Can Asthma Drugs Help with Parkinson’s?
Sep 20 2017 Read 1120 Times
Most of us know somebody who has been affected by Parkinson’s. The terrible disease, generally associated with the symptom of involuntary shaking, affects around 1 in 500 people. There’s currently no cure, but treatments are out there which can help reduce its effects. Recently, however, there have also been some new and intriguing findings about how the disease can be prevented in the first place. And it’s all to do with asthma…
What is Parkinson’s?
Mostly affecting people over 50, Parkinson’s is a chronic, progressive neurological disorder. It affects the motor system, resulting in shaking, slow movement and stiff muscles. In addition to these main symptoms, and in some cases as a result, sufferers can also experience balance problems, insomnia, depression, anxiety and even issues with memory and their sense of smell.
Inside the inhaler
So, how does asthma relate to Parkinson’s? As most are aware, asthma sufferers are usually equipped with an inhaler – or at least they should be. For some types of asthma, sufferers reach for their inhaler to ease breathing. It contains salbutamol, a drug which expands their airways. In a recent paper, however, researchers found that this drug can also help with Parkinson’s disease.
Parkinson’s is rooted in the brain, where a protein called a-synuclein builds up and kills important brain cells. To tackle the disease, researchers are aiming to eliminate this protein, or at least prevent it from building up. So, how did they stumble upon salbutamol? No, it wasn’t a gut feeling or lucky coincidence. They actually tested over a thousand medications.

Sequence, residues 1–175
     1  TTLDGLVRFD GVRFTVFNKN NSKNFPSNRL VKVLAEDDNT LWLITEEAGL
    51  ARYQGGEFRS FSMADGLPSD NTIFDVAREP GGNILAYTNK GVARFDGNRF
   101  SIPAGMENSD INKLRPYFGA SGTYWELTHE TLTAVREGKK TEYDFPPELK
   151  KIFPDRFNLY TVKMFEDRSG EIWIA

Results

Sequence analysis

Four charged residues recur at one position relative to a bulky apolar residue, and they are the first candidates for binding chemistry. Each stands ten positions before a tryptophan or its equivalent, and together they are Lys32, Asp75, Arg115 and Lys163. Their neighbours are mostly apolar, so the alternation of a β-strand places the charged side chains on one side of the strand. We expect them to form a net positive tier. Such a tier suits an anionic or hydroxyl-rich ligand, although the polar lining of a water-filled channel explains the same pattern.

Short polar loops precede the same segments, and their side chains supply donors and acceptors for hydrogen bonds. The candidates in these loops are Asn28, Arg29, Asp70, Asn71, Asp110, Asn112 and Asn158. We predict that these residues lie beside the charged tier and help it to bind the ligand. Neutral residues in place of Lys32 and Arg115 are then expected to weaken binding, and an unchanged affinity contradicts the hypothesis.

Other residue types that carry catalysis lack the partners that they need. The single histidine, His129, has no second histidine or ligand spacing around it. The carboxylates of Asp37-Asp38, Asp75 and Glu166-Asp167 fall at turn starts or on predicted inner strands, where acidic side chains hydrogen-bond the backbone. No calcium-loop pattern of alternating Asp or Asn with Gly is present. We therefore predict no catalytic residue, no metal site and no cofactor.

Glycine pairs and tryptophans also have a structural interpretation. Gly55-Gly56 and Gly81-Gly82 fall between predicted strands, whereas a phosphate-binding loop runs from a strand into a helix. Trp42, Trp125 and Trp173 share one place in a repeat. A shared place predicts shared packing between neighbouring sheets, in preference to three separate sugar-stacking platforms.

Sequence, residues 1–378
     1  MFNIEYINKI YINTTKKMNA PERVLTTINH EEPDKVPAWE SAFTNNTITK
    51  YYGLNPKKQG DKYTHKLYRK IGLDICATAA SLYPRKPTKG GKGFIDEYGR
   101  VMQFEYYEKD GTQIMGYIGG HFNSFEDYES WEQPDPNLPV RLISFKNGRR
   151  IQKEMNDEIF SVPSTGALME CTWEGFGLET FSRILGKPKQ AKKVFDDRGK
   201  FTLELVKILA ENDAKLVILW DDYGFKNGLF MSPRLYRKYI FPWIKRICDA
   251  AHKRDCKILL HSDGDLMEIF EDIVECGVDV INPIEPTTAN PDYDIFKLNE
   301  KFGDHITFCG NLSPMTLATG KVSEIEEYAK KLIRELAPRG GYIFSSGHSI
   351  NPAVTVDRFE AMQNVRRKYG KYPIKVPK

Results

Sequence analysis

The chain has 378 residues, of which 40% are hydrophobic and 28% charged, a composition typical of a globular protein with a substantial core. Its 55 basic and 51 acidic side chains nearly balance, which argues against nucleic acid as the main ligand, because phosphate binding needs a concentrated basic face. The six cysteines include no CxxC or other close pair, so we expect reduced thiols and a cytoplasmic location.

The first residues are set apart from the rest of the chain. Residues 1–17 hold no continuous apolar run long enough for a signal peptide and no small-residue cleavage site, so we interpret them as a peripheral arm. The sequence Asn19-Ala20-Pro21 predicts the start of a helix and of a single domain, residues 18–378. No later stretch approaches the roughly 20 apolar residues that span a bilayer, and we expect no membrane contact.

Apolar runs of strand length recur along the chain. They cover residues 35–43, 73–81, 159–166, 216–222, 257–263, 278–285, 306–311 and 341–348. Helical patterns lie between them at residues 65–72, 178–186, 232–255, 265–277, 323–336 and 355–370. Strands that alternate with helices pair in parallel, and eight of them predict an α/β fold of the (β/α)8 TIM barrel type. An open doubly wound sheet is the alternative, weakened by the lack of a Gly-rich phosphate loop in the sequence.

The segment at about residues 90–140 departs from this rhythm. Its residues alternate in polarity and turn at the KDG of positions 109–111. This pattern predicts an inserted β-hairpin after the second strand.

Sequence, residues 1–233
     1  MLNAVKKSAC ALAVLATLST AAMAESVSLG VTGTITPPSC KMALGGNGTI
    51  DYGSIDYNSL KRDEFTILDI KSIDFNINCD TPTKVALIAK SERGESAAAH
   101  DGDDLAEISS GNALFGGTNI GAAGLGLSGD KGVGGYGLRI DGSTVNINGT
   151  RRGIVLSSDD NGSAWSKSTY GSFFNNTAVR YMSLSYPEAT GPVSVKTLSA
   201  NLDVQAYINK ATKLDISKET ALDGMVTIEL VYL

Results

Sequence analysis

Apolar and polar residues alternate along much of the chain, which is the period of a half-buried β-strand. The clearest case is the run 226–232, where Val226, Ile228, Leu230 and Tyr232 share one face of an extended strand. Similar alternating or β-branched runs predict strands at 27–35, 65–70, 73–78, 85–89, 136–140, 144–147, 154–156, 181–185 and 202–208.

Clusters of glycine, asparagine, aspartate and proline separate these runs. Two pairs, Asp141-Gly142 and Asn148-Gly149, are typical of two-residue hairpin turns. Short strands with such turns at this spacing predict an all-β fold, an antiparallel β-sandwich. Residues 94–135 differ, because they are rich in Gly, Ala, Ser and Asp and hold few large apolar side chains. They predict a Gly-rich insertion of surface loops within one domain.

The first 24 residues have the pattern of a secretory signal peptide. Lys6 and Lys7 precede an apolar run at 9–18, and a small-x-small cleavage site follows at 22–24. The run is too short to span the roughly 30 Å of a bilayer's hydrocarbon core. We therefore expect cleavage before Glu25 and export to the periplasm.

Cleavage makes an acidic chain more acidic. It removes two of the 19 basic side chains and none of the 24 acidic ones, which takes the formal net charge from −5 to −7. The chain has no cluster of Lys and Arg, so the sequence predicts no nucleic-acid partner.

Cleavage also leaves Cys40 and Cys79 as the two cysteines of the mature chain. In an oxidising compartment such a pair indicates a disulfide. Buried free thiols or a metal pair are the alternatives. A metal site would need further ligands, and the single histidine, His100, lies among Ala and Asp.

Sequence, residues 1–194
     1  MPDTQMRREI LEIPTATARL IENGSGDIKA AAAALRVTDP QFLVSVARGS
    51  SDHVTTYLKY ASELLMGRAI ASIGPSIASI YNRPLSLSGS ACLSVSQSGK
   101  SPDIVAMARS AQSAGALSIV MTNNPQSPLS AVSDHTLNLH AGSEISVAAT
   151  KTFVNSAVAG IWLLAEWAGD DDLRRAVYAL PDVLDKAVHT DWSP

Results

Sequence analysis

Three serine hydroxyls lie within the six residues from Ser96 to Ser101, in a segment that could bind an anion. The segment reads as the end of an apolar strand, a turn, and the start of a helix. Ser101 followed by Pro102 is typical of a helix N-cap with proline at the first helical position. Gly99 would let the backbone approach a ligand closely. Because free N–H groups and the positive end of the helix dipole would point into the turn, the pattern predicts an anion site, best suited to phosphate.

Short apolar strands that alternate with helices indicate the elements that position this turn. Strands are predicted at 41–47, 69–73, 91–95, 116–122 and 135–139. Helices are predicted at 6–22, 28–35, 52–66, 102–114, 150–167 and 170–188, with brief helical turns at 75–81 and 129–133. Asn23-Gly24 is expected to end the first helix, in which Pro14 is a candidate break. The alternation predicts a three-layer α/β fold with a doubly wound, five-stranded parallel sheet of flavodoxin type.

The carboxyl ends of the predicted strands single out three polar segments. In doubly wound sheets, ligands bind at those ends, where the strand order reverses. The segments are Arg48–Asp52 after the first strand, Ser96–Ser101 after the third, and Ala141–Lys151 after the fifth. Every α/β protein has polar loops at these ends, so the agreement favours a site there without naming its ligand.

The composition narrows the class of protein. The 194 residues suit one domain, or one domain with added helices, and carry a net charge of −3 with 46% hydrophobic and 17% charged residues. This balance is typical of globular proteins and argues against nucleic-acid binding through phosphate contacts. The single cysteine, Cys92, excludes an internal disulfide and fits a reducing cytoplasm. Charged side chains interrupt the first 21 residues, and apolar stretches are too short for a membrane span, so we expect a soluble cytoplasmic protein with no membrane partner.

Cutting a-synuclein production
Researchers found that three drugs – one of which was salbutamol – cut the production of a-synuclein, from human nerve cells they had grown in the lab. They then required a large, long-established database of prescriptions and health records to see how the drugs affected rates of Parkinson’s development. Luckily, Norway had exactly that.
They keep a database of all their citizens’ drugs and diseases. Using this, researchers found a significant difference between people who did and didn’t take salbutamol. Just 0.1% of people developed Parkinson’s without taking salbutamol. But this was taken even lower to 0.04% for people who had used the drug.
A significantly reduced risk
After considering other contributing factors like age, they determined that people who had taken salbutamol were at least a third less likely to develop Parkinson’s. They also found that people taking high doses of salbutamol were half as likely to develop Parkinson’s in the 7 years following their drug intake.
This is just one of the exciting developments coming out of the pharmaceutical industry. For more, check out the article ‘Analytical Method Development and Validation for the Identification Spiraeoside Using RP-HPLC in Pharmaceutical Gel Formulation’.
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